by Lucas Krejci-Papa
Biblical allegory surrounds us, and for the average American, it inundates the media we consume everyday. Media in various forms heavily features biblical allegory, though many references go almost entirely unnoticed by audiences in the States.
For a pertinent example of the proto-typical contemporary re-imagining of the Christ story, consider the Japanese series “Steins;Gate,” which serves us all well in its highly compelling representations of the biblical tale in a context more accessible to modern audiences.
The story follows protagonist Okabe Rintarou, a young graduate student and brilliant physics lab chief in his spare time. He’ll be serving as both our redeeming Christ Figure, and as the Original sinner, by the time this story is told.
Indeed, just like the biblical ancestor of humanity, Okabe unknowingly takes up the mantle of Adam, with good intentions, in being tempted by Makise Kurisu, his girlfriend and lab assistant portraying the role of Eve (and later Peter), to design peerless time-travel technologies with which he hopes to enrich and enlighten mankind. The knowledge of time travel substitutes for the classical fruit from the tree of knowledge.
The experiment is a great success, yet yields untold horrors. Humans quickly prove themselves unable to responsibly manage the vast possibilities of time-space, and the future, swallowed by hypertime, suddenly shows nothing but nightmarish dystopias, catastrophic natural disasters, and all-consuming wars.
It befalls our virtuous hero, in all his infinite wisdom and perilous humanity, to rescue mankind from time travel by ‘unmaking’ the concept, thus undoing the original sin, which is only achievable by bearing the burden of all mankind’s wrongdoings. As he and Kurisu venture through every possible iteration of the same three days, experiencing every nightmare and disaster wrought by the hands of man, he confronts directly the hell created by humankind.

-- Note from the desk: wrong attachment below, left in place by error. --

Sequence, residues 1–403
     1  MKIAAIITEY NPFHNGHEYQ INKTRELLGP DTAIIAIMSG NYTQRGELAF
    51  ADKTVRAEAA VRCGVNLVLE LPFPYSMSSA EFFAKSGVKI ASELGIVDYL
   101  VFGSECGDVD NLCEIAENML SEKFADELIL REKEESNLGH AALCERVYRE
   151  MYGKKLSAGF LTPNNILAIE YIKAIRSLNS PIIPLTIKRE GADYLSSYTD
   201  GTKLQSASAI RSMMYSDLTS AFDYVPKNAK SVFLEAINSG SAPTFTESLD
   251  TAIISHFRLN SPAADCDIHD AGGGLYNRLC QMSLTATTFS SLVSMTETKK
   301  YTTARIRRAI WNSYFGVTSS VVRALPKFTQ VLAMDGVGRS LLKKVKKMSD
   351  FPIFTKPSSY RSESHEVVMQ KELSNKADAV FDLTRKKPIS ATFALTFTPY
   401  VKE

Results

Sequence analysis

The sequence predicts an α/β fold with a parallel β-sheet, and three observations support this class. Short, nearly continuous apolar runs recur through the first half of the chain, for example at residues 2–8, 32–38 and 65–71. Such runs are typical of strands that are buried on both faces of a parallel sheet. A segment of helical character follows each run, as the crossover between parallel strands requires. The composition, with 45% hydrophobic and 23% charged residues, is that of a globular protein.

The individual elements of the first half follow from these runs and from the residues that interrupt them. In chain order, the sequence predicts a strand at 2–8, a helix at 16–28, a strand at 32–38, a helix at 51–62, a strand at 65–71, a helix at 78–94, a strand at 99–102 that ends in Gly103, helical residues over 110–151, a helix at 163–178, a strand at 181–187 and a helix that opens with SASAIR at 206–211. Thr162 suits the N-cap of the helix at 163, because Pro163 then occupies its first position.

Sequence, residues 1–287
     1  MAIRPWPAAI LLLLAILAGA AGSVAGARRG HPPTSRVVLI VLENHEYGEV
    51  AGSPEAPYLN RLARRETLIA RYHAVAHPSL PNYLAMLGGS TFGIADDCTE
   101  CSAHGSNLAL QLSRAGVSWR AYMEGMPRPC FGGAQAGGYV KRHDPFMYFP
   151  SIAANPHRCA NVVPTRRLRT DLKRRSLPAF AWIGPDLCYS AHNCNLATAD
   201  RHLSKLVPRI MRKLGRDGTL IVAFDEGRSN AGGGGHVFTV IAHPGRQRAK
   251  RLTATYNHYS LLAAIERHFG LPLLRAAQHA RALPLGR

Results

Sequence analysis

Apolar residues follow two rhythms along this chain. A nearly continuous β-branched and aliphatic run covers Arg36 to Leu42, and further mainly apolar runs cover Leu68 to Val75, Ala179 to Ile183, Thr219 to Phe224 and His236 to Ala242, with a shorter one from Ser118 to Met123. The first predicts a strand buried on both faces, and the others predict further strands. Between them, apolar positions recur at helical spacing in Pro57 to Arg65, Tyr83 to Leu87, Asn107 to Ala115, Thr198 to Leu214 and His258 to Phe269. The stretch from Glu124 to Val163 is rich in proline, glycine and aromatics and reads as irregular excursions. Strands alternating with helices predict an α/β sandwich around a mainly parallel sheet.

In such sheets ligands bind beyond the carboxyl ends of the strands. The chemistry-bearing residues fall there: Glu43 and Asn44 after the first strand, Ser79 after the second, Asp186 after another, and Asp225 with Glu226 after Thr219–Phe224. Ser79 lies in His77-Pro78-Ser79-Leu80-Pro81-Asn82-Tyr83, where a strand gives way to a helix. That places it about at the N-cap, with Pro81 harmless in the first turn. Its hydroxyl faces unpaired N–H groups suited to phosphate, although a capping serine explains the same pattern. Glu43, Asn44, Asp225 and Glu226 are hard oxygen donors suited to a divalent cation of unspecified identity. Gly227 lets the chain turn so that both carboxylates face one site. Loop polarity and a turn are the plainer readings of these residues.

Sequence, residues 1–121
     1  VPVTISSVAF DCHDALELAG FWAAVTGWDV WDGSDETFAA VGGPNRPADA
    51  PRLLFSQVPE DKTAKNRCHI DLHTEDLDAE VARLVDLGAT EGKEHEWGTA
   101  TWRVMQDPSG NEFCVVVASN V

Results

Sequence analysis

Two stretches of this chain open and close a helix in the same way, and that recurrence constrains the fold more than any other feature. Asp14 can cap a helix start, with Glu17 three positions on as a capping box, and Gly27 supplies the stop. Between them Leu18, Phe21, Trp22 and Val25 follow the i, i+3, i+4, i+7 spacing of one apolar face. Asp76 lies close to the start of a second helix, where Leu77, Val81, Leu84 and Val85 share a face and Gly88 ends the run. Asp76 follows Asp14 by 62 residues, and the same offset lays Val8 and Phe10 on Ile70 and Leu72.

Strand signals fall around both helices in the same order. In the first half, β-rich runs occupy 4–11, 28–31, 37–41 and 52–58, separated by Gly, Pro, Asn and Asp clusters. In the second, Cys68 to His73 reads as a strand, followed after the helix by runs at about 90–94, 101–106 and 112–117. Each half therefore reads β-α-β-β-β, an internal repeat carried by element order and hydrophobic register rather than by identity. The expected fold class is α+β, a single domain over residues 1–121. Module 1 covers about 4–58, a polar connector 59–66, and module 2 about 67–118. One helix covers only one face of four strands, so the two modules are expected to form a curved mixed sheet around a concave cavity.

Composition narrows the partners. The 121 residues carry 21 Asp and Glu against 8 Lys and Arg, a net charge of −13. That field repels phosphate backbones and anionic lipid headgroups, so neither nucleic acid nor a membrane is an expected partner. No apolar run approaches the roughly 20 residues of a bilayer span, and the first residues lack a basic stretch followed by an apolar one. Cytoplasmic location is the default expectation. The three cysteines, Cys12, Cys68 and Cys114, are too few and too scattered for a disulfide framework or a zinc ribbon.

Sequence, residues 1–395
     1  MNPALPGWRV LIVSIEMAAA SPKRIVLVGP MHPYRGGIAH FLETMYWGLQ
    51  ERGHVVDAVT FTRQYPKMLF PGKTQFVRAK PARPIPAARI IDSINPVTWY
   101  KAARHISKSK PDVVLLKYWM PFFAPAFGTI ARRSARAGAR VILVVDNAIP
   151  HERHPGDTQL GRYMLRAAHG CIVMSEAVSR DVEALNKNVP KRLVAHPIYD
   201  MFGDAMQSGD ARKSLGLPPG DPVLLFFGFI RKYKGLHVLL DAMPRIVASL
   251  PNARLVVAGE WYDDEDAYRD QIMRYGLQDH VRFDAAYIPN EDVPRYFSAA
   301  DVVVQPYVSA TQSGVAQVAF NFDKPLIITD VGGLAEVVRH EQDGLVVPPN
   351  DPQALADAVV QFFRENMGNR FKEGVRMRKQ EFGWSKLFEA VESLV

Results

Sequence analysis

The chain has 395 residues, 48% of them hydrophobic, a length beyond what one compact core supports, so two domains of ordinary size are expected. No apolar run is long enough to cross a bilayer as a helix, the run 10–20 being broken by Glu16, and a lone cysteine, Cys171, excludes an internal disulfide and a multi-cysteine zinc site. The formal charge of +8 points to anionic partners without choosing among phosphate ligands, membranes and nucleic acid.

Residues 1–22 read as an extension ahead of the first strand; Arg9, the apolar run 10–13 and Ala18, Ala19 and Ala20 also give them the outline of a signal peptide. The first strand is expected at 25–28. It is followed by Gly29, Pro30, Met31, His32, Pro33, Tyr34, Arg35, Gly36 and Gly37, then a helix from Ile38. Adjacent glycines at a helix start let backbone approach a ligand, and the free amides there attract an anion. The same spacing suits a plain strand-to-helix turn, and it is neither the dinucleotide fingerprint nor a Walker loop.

Three remarkably familiar days, during which our cast is remarkably familiarly occupied, as they are clearly entrapped by the maws of eternity itself.
They are aided only by a small contingent of disciples (Lab members) at their disposal, and even fighting through the corrupting influence of their Judas figure, who would see them all sold to shady government figures, and the secrets of time unwound.
Okabe and Makise overcome this betrayal, and the world itself even overcomes the nature of infinity, but this is a process that robs our hero of his very humanity.
Stranded between his human nature and some enlightened, ascended rebirth that appears beyond the fringes of time and space, Okabe represents Jesus. Figuratively and also literally reborn, this triumphant Christ figure then absolves mankind of wrongdoing, freeing them from the treacherous grips of the original sin.
Forgive them father, for they do not know what they do.
A familiar tale, having been told time and time again, is re-imagined here as a contemporary science-fiction drama. Fascinatingly, however, the inherent story within only grows more and more impactful with its modernized portrayal, and, I imagine, only stands to teach us all new lessons even as we process it for the umpteenth time.
After all, this is the prime function of Biblical allegory today.